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Grant Evitt (re)Joins AIA

Grant Evitt is joining AIA as Product Manager, Darrin Franks announced on LinkedIn this morning. Our best wishes to him in his new role. This is a second stint at AIA, Grant previously held a role as business development manager there, before moving to become more involved in product development roles at TOWER and then at INGLife.


Faulty Stats Annoy

The ODT kicks off an editorial with faulty stats - and that does bother me:

The economy, it is fair to say, is very gradually improving after the short-lived recession, although the position so far as internal and external debt is concerned remains grave.

New Zealand, fortunately, is nowhere near in as bad a way as Britain, whose economy is practically in ruins, and where after last week's budget, every household will be worse off as the new government tries to rebuild.

Short-lived? Six quarters of negative growth according to the RBNZ website, from June 2008 to September 2009. That's longer than the two previous recessions. It's also longer than the UK's, although theirs added up to more contraction, just in a shorter period of time.

Britain, whose economy is practically in ruins? Well, even allowing for figurative language that kind of counjours up blitz-type images. Yes, it is true that it has been the worst recession since the 1930s, but those are relative measurements, and very high levels of public debt. To give just a little more realism though, let's consider these figures:

GDP per person in the UK is ranked 22nd in the world, even including the recession of 2009, it stood at $35,334 (in US dollars). What's New Zealand's? $27,259 per person. Ruins? They are 30% better off than us. Still, shame about the weather :-)

There are plenty of other things that are rubbish about the UK, and their level of public debt is higher than ours, so maybe the ODT should have written about those.


News and Changes

Take, for example, the ability to have voluntary registration. This development is useful, but is hardly revolutionary. The valuable clarification that if you only sell category 2 products then you can practice as a registered adviser has been made. Now, we add the valuable option for those advisers to apply the standards of authorised financial advisers. But exactly how this works is still being compiled in the background. That is why it is best to wait until after Royal Assent, and the final version of the Adjustment Act is compiled with the Amendment Act and the original Financial Advisers Act and do a complete review - the volume of changes is very large, some are complex, and you cannot have full operational confidence in many situations until after that's been done.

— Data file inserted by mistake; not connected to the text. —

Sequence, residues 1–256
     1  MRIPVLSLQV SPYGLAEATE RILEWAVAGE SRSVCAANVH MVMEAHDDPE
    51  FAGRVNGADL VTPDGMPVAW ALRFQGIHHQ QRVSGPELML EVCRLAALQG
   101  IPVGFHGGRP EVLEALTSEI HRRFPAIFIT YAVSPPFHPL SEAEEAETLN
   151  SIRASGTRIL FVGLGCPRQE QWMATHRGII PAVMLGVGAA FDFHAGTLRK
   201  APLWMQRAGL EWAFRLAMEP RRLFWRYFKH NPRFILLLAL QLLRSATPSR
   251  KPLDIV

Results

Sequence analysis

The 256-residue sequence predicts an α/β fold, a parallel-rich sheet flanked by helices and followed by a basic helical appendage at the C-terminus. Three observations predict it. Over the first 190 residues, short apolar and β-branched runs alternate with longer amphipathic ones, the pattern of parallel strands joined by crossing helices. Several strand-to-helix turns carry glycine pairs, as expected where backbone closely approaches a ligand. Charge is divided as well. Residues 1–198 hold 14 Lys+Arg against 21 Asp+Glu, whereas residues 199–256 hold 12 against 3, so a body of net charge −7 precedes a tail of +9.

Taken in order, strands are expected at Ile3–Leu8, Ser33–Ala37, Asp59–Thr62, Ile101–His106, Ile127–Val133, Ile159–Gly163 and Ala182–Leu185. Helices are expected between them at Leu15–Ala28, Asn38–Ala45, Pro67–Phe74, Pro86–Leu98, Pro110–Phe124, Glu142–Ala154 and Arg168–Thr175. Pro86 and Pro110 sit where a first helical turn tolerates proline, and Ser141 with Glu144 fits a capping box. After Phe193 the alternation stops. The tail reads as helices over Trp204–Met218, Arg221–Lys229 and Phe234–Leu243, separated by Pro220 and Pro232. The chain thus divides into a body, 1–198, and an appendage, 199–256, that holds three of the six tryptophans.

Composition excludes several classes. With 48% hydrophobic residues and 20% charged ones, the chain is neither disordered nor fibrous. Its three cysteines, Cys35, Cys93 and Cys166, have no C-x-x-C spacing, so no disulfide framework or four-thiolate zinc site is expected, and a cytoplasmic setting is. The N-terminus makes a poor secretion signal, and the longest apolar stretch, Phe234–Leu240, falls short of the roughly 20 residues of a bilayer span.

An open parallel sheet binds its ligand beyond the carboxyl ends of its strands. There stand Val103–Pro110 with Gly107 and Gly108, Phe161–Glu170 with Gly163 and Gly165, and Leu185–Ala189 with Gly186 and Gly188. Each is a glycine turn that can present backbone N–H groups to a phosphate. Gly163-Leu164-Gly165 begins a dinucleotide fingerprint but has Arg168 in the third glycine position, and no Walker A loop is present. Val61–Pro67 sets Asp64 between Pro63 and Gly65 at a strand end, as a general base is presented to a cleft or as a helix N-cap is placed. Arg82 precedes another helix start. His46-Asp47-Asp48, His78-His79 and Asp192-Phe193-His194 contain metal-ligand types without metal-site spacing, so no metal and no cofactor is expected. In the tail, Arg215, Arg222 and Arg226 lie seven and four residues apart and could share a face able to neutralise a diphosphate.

More changes...

Well, there are a few date changes that we now need to absorb.

AFAs:

While the release was a little bit coy about this, the Securities Commission has given you up to 31 March to put your application in. However, they are trying to get the majority in by 1 December - and aiming for that would be wise, if you are an AFA you don't want to run the risk of being unable to practice - even for a short period.

QFEs:

You have until October 31 to get your QFE ABS in to the Commission if you are to be confident of getting approval before 1 July. However, there are no guarantees, obviously. You could apply tomorrow and still fail if your ABS is poor or you are fundamentally unsuited to becoming a QFE.

Also, provided QFE status is not an operational necessity, you do not have to worry about October - you can leave applying as long as you like, it's just that you won't be operating as a QFE on 1 July.

Let's conclude with a quote:

"I am confident that the proposed competence standards are unlikely to change materially and certainly will not be reduced. I'd encourage all would-be AFAs not to wait until the last minute before applying," Mr Mayhew stresses.

I've added that emphasis. This will be small consolation to those that have paid for courses and may not require them - and, before you jump on me, I know that the education will be good to do anyway, but the advisers I feel sympathy towards are those that had all sorts of training that was unrecognised, and then bought yet more training (of a relatively low level, largely duplicating what they had) and now find that it's redundant. Now I know there aren't many of you, but that goes to show, it pays to be a laggard sometimes doesn't it?


Risk Management - Is Your Business Prepared?

This dimension of risk management caught my eye because over the years I have come to appreciate a variety of measures that I once doubted: having back-ups, being able to work in alternative locations, having staff know how to handle things like server failure, or being unable to access the office.

You do begrudge the expense - a lot like an insurance premium - but it pays off in the medium term. Even down to little things like knowing that it's not IF your hard drive will fail, it's a question of WHEN it will fail.

Anyhow, this comprehensive list can start you on the path to a more robust business. Hat-tip to InsureBlog.

Risk_what to do2


FSP (Pre-Implementation Adjustments) Bill

Unsurprisingly, the Financial Service Providers (Pre-Implementation Adjustments) Bill has been placed at number 3 on the Parliamentary order paper today, immediately behind the Appropriation Bill (relating to the budget) and the Rugby World Cup 2011 (Empowering) Bill – A great comment on NZ priorities!

The Order Paper web page is here.

With the order paper itself available here.